Office of Governor Andrew M. Cuomo
Governor Cuomo at the National Governors Association Conference in February.
The governor has not had a lot to show for his White House meetings with the president.
February 14, 2020
This willingness to deal with a president deeply unpopular among Democrats was hardly surprising, given Cuomo’s identity as a pragmatist. The governor has a long track record of crafting deals with Democrats and Republicans alike on tricky issues including congestion pricing, the minimum wage and gay marriage.
But he has not had a lot of luck in his negotiations with President Trump. In fact, it may be that Cuomo’s brand of politics are irrelevant or ineffective when dealing with a narcissist who thrives on division and offers up empty promises. The president has left the governor hanging after White House meetings on taxes, infrastructure and – it now appears – a move by the Trump Administration that makes New Yorkers ineligible for a program the Department of Homeland Security’s Trusted Traveler programs.
This latest controversy began last week when DHS announced that it was rejecting New Yorkers’ applications into programs that make it easier to pass through airport security or immigration checkpoints, because the federal government could not access a state database for drivers’ licenses since a new law went into effect late last year that allows undocumented New Yorkers to get drivers’ licenses. Creating bureaucratic barriers to block federal immigration officials from using the personal information they gave to the state was important to assuaging concerns about raising the risk of deportation for undocumented immigrations. Not only did the move take the Cuomo administration by surprise, a memo from the department revealed by Buzzfeed found that the change happened in order to punish New York for its immigration-friendly policies. In a statement the next day, Cuomo called the memo “a documented admission by the Trump administration that they are purposely targeting law-abiding U.S. citizens to play partisan politics.”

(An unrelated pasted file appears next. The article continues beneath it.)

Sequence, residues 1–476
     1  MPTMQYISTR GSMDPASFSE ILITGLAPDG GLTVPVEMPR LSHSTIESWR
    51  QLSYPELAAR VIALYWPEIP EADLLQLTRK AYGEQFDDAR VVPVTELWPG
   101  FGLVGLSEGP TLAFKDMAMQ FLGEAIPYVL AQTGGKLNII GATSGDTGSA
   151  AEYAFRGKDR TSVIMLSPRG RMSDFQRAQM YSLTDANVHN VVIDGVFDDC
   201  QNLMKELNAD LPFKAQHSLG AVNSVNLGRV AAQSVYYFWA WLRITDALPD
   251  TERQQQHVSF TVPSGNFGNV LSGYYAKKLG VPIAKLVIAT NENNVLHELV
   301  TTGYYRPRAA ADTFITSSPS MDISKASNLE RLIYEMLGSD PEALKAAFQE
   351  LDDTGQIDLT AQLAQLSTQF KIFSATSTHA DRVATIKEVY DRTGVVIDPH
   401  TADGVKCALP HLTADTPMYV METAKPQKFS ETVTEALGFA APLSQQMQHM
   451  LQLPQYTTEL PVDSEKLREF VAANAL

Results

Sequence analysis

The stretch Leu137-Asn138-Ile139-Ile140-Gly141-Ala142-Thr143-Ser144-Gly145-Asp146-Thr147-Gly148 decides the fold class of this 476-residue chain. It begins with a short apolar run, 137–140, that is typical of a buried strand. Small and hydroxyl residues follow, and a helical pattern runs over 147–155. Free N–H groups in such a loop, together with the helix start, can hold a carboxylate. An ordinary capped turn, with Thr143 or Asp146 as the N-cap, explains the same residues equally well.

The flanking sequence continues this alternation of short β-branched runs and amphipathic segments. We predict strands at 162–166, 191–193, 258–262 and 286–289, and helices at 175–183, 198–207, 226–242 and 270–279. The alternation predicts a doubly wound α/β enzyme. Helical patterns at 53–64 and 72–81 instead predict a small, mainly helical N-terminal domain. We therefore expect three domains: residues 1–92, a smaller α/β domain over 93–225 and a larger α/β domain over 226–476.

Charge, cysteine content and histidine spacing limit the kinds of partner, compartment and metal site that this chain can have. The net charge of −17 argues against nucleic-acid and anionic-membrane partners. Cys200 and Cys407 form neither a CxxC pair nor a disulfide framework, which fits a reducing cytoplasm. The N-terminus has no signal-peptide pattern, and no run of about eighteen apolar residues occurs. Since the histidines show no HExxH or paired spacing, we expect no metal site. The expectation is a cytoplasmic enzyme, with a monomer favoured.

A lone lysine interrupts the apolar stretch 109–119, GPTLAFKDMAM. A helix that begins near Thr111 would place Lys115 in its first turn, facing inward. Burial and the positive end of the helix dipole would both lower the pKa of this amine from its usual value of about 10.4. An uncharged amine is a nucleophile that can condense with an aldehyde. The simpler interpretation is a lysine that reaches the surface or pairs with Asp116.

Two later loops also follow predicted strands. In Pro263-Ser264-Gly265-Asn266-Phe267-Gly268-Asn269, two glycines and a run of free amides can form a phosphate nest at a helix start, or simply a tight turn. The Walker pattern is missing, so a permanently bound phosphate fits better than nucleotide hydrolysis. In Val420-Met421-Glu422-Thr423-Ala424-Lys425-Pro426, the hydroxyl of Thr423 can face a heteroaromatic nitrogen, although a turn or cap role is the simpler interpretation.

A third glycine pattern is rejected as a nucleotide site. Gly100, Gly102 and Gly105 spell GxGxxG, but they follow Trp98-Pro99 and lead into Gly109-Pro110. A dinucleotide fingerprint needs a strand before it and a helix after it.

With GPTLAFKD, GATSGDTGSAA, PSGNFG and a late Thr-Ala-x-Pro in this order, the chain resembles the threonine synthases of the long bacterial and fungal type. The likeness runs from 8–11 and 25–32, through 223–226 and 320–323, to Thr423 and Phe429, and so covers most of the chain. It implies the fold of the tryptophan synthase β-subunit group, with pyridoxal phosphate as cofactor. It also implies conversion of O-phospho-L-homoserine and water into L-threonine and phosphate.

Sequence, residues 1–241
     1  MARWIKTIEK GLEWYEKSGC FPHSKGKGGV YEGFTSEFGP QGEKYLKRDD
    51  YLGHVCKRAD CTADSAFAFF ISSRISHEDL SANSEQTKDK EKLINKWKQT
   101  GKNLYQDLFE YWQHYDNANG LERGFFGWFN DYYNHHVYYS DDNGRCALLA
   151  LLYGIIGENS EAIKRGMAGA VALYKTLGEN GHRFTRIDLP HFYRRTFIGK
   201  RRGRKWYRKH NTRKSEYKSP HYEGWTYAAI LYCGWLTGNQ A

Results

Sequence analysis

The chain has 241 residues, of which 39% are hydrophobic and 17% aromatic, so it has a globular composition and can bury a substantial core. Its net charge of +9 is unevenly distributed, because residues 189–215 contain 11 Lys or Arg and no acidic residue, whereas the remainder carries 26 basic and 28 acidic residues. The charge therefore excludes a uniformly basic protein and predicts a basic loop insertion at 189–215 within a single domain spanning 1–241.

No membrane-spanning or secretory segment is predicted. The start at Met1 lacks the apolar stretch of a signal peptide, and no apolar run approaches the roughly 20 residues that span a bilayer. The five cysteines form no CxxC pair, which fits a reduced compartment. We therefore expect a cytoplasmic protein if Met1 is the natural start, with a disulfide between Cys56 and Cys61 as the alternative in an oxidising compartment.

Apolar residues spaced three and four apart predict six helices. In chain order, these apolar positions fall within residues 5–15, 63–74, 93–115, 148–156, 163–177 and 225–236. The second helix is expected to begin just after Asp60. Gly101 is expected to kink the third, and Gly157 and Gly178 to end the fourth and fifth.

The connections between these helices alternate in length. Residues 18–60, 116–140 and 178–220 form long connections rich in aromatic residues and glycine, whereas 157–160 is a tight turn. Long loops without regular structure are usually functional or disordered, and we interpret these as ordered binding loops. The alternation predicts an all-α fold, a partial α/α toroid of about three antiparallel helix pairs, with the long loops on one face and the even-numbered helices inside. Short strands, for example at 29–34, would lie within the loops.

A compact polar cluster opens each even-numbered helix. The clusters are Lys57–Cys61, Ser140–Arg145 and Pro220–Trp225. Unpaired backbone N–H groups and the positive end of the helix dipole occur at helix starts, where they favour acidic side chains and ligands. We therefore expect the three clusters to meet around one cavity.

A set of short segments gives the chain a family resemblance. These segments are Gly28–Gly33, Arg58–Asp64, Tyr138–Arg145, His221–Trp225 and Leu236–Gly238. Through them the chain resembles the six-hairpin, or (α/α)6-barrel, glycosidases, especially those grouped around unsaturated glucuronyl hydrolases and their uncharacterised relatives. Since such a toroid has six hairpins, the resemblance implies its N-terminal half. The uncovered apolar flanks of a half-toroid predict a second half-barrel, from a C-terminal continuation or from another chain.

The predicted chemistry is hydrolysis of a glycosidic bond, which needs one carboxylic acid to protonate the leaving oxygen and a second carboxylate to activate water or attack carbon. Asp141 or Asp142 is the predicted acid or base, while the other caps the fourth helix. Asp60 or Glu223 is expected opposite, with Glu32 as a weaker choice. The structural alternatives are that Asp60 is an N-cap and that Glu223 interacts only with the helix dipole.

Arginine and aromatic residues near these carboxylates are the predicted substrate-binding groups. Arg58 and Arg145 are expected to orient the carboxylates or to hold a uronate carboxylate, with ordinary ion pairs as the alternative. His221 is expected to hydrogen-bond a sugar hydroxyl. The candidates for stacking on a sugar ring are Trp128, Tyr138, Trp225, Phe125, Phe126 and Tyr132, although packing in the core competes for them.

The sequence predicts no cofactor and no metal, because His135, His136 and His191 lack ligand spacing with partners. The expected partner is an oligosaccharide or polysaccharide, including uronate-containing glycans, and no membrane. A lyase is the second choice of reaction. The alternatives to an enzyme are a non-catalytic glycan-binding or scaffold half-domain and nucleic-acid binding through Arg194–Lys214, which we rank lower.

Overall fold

Cuomo was still willing to hash things out with Trump. After a period of mutual recriminations Cuomo said that he would allow the federal government to access DMV records when it was necessary to screen applicants for Trusted Traveler programs, the reasoning being that undocumented immigrants would not be among them. Cuomo and Trump then agreed to meet at the White House on Feb. 13.
A little over an hour before the meeting was set to begin, a presidential tweet let everyone know what the meeting was really all about – at least from his perspective. “He must understand that National Security far exceeds politics,” Trump wrote. “New York must stop all of its unnecessary lawsuits & harrassment [sic], start cleaning itself up, and lowering taxes. Build relationships, but don’t bring Fredo!” In other words, the president was saying that letting New Yorkers cross the border with relative convenience all depended on Cuomo making state government do a variety of things beyond changing its policies about drivers licenses.
The Fredo remark was another signal that the governor stood no chance of getting Trump to agree to end the impasse. Cuomo said months ago that comparing his brother Chris – or any Italian-American – to an inept character in “The Godfather” was an insulting ethnic slur.
The governor went to the White House nonetheless. That both the Trump and Cuomo administrations described the hour-long meeting as “productive” was itself a minor miracle; many of Trump’s meetings with Senate Minority Leader Chuck Schumer and House Speaker Nancy Pelosi do not go nearly as well. But that does not mean Cuomo wrangled any actual concessions from Trump, or that New Yorkers are any closer to getting their access restored to the Trusted Traveler programs.
To do that, Cuomo would have to play under Trump’s rules, meaning putting on the negotiating table issues like taxes, immigration policies and the state’s various lawsuits against the Trump administration. By putting all of them into one tweet, Trump was offering Cuomo a deal that he could never accept for a variety of reasons. The state has a lot of interests besides Trusted Traveler programs. The political cost to Cuomo among New York Democrats could be immense. Moreover, the governor was being asked to participate in a quid pro quo that, while perhaps legal, shared characteristics, such as Trump using presidential power to extort personal or political favors, with the president’s recent demands that Ukraine investigate former Vice President Joe Biden in exchange for the release of congressionally appropriated U.S. military aid to the Eastern European country.